South Korean war veterans attend a ceremony commemorating the 70th anniversary of the Korean War in Cheorwon
A South Korean war veteran holds the national flag during a ceremony commemorating the 70th anniversary of the Korean War, near the demilitarized zone separating the two Koreas, in Cheorwon, South Korea, June 25, 2020.

South Korea on Thursday offered to hold talks with North Korea on reunions of families separated by the 1950-53 Korean War, in its first direct overture under President Yoon Suk-yeol despite strained cross-border ties.

The surprise proposal came days before the thanksgiving holiday of Chuseok, when the two Koreas have in the past held family reunions. But prospects are not good, with North Korea racing to improve its weapons and refusing to deal with Yoon's administration.

South Korean Unification Minister Kwon Young-se, who is in charge of inter-Korean affairs, urged a swift, positive response, saying Seoul would consider Pyongyang's preferences on a date, venue, agenda and format of any talks.

"We hope that responsible officials of the two sides will meet in person as soon as possible for a candid discussion on humanitarian matters including the issue of separated families," Kwon told a news conference.

Hours after the proposal, South Korea's foreign ministry announced a revival of high-level talks with the United States, designed to boost deterrence against the North, which includes a U.S. nuclear umbrella.

The conservative Yoon took office in May vowing to bolster South Korea's military capabilities and strengthen so-called extended deterrence, which refers to the ability of the U.S. military, particularly its nuclear forces, to deter attacks on U.S. allies.

Hong Min, a senior fellow at the South's Korea Institute for National Unification, said North Korea might see South Korea's offer of dialogue and deterrence efforts as a sign of what it has called double standards.

The two Koreas have in the past held family reunions around the time of major holidays, mostly under liberal governments in the South that have tried to engage with the North.

But cross-border ties have soured. The North has conducted an unprecedented number of missile tests this year and is believed to have made preparations for its first nuclear test since 2017.

When asked about the possibility of food aid to the North, Kwon said his government was not exploring "special incentives" but would be willing to "consider positively if the North makes other humanitarian requests".

Even if North Korea rejected the offer of talks, South Korea would "continuously make proposals", he said.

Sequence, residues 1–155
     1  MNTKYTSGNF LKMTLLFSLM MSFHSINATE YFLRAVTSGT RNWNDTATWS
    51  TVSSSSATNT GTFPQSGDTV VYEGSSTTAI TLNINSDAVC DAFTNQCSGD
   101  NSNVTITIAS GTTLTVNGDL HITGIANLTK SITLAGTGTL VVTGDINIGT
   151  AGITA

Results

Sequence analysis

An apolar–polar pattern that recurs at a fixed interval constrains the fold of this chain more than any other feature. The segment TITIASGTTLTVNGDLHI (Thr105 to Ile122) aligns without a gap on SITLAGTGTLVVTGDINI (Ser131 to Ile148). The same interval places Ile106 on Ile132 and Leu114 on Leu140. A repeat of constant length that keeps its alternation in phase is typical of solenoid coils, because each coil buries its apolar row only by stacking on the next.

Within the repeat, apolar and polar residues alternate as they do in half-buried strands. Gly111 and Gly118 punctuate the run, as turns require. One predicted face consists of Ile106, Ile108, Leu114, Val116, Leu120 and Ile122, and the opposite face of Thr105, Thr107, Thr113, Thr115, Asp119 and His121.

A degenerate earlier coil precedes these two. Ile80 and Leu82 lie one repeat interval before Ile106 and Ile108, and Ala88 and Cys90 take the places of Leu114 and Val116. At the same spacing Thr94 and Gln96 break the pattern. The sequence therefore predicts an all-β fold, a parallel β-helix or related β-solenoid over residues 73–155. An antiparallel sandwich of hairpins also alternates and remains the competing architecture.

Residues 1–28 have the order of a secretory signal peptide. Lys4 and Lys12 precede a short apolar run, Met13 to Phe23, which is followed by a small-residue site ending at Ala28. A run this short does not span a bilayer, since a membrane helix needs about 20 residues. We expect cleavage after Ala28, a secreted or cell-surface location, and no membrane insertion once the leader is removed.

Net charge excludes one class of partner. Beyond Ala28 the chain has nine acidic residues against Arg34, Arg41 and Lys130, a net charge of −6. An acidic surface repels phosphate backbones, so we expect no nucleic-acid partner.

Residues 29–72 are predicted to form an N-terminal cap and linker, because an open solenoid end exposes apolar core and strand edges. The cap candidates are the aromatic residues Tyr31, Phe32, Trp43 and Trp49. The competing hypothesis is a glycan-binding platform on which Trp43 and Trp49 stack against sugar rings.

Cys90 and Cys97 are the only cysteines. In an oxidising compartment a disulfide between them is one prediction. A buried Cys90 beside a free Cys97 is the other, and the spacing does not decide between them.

Kwon said the offer would be sent via an inter-Korean hotline to Ri Son-gwon, director of the North's United Front Department, which handles South Korea issues.

Lim Eul-chul, a professor at the Institute for Far Eastern Studies at Kyungnam University, said chances were slim the North would accept the offer, citing its recent comments on Yoon.

"Family reunions is a basic humanitarian issue but in reality it requires a substantial level of trust between both sides," he said.


Yoon has unveiled what he called an "audacious" plan to provide North Korea with economic aid in return for nuclear disarmament but has said he would respond sternly to any North Korean provocations.

Kim Yo Jong, the powerful sister of North Korean leader Kim Jong Un, said last month Yoon should "shut his mouth" and her country would not sit face to face with him, criticising his plan as "absurd".

Kwon said the proposal for talks was not part of Yoon's aid-for-denuclearisation initiative but was meant as a step to restart humanitarian exchanges regardless of the political and military situation.

Lim said Yoon's government was probably not expecting North Korea to accept the offer but might have seen domestic value in making it, given Yoon's low approval ratings and cross-border tension.

Families have been separated by a standoff that has persisted since the 1950-53 Korean War ended in an armistice not a peace treaty.

More than 133,000 South Koreans have registered for family reunions since 1988, but only about 44,000 of them are still alive as of August, with 37% in their 80s and 30% in their 90s, Unification Ministry data showed.

The last family reunions took place in 2018, when Yoon's liberal predecessor held summits with Kim Jong Un and tried to broker a peace agreement between North Korea and the United States.